One In Five

Sunday 2 August 2015, with Katy Gosset & Carol Stiles

Accessing an education

Push button automatic doors allow for easy access to buildings.

Push button automatic doors allow for easy access to buildings.

Photo: RNZ/Katy Gosset

Welcome to Otago University

Your education starts here.

With a red button.

Thousands of young people head south each year to study, make friends and, in some cases, party. About 800 of them will need some extra help. And that’s where the university’s Disability Information and Support Student Services come in.

Wide, accessible doorways with push button entries, a lecture note-taking service and a team of student advisors. They’re all part of the system that allows students with disabilities to access the same quality education as everyone else.

The Manager of Disability Information and Support Student Services, Melissa Lethaby.

The Manager of Disability Information and Support Student Services, Melissa Lethaby.

Photo: RNZ/Katy Gosset

The service’s manager, Melissa Lethaby, says students also have access to a study room with ergonomic furniture, a trolley for carrying their books around the library, as well as readers and writers to help them sit exams. She says, when she started with the service in 2002, it supported just 325 people and that figure has now more than doubled. And, while the numbers might be pleasing, it’s seeing the students achieve that is most rewarding.

“We provide them, I guess, [...] with the training wheels and then, once they’re self-sufficient, they’re off, up and running.”

The "D-Word"

Physical Education student, Paige Aitcheson.

Physical Education student, Paige Aitcheson, has dyslexia and uses many of the services Disability Information and Support offers.

Photo: RNZ/Katy Gosset

Paige Aitcheson is one of the students who uses the service after being diagnosed with dyslexia at the age of 11.

“I really struggled with it for so many years. I called it the D-word. You couldn’t even use the D-word in our house.”

She says she felt embarrassed about her diagnosis and initially kept it a secret from friends.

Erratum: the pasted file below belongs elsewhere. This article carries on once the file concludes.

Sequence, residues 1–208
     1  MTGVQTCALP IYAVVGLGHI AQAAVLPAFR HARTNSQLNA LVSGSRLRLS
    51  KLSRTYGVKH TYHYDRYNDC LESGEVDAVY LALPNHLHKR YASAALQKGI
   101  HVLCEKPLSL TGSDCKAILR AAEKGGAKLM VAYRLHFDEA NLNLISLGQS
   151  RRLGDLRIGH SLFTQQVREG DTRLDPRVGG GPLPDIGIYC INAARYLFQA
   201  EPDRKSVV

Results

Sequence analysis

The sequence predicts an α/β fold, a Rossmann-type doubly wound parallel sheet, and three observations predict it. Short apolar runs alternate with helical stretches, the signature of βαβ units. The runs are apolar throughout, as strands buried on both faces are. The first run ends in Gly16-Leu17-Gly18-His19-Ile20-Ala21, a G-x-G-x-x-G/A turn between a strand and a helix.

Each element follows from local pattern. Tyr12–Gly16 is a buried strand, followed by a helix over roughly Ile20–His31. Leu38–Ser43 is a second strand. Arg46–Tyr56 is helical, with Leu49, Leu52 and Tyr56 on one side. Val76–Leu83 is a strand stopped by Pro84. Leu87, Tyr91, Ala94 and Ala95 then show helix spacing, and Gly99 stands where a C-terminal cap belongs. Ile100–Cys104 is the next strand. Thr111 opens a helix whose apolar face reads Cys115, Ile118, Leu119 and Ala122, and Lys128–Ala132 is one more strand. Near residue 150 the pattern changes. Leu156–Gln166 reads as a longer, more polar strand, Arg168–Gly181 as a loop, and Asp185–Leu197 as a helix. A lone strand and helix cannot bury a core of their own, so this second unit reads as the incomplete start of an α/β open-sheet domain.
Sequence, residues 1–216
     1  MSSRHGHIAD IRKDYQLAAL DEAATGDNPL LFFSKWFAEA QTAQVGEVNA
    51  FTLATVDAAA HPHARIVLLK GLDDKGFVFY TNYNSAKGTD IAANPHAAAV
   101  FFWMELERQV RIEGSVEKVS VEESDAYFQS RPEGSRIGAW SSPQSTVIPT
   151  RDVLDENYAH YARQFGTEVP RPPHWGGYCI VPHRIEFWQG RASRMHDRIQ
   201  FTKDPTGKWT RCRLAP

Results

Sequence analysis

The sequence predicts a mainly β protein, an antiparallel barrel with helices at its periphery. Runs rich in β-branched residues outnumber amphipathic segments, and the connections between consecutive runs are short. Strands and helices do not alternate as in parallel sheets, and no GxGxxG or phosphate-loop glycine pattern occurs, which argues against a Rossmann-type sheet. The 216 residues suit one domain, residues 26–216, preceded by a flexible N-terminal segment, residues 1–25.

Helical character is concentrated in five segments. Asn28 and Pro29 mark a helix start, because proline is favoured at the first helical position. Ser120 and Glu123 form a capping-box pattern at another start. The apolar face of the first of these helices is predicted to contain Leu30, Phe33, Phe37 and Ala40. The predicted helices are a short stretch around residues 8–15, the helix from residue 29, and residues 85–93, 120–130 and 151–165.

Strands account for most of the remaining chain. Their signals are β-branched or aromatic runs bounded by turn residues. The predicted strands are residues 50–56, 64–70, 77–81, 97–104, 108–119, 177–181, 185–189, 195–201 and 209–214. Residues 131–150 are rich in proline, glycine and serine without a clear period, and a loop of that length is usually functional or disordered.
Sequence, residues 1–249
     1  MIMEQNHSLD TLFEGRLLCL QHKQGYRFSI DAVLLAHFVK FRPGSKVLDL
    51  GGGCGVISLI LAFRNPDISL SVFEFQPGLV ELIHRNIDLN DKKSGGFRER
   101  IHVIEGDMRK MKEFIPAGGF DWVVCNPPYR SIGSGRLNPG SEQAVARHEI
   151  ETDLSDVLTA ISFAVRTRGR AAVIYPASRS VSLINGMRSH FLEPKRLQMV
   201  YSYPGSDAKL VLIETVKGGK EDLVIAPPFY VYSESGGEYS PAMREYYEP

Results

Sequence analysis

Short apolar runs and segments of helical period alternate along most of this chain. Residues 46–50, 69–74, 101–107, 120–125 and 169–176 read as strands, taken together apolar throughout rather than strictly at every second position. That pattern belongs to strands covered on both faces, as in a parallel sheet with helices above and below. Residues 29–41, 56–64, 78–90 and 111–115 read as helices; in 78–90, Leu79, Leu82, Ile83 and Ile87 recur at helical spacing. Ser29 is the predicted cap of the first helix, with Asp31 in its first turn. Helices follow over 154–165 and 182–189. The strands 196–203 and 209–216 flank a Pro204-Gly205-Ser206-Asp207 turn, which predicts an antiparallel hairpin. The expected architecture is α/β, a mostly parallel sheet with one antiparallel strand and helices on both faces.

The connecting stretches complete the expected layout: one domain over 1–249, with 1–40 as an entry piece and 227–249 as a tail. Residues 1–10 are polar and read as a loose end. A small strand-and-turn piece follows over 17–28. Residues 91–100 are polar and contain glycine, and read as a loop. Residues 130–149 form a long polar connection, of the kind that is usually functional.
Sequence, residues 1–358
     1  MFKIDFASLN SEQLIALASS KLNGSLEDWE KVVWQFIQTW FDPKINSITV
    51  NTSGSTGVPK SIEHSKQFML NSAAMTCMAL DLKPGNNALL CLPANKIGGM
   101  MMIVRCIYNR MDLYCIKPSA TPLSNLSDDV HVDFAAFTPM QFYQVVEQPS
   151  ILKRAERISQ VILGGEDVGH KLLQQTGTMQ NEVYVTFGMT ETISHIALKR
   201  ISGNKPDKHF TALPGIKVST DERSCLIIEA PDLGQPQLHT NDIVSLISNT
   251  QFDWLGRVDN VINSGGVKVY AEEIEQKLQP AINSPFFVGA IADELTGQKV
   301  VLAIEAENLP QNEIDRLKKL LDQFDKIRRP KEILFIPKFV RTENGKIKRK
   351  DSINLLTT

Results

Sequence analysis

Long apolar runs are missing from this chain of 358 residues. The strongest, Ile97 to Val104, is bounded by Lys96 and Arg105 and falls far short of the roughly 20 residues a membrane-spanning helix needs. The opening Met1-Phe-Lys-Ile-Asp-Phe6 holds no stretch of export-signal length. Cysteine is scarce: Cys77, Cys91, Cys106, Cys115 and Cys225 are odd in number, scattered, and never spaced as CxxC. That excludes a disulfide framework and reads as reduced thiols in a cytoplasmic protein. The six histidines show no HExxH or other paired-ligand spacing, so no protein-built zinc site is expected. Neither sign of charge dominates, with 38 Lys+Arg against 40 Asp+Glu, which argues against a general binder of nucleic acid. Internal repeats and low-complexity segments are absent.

“Before that I thought I was dumb and stupid. I didn’t really understand, I guess, what dyslexia was.”

Once diagnosed, Paige attended lessons at SPELD and began to achieve academically at school. She later became an advocate for students with dyslexia, speaking at her own and other schools about the condition. She decided to pursue a degree in physical education as exercise had always been a refuge from her learning disability.

“I struggled at school, in the classroom, so, for me, sport was the thing that I felt equal [at] and felt that my dyslexia didn’t really affect me.”

She says her physical education teacher literally changed her life when he told her she was naturally gifted at the theory of PE and should go to university.

“I kind of just laughed out loud accidentally because I can’t even spell university, [...] but yet he wanted me to go and study it.”

Disability Information and Support Student Services mission statement.

Disability Information and Support Student Services mission statement.

Photo: RNZ/Katy Gosset

Levelling the Playing Field

Paige says, throughout high school and, now, at university, she has a reader/writer during exams. That means someone will read the questions to her to ensure she understands them and then write out her dictated answers.

But she says using a reader/writer is a skill in itself.

“People struggle using them at first but, for me, once you know yourself and how to best utilise the reader/writer they become a real asset to [...] learning, I guess. It levels the playing field.”

Paige says, in the past, her exam results did not reflect her true ability as she was unable to use more expressive words because she couldn’t spell them

“So, if I had a reader writer, then I could use the exact words I wanted to use and I wasn’t limited by my spelling ability or my writing frequency.”

She says accessing a reader/writer does require a formal diagnosis of dyslexia and the right documentation and getting that can be an expensive process. She’s grateful to the Disability Information and Support Student Services for funding an assessment for her. Paige says some people can become disheartened by a diagnosis like dyslexia but she was determined to get an education.

“I just use it as a driving force and I’m not going to let my [...] learning disability affect me.”

And she believes the Disability Information and Support Student Services play an important role.

“You still have the right support to achieve what anyone else can achieve”.

Listen to this interview


'The Column of Fame' in the reception area celebrates former graduates who have used the service.

'The Column of Fame' in the reception area celebrates former graduates who have used the service.

Photo: RNZ/Katy Gosset

To embed this content on your own webpage, cut and paste the following:

See terms of use.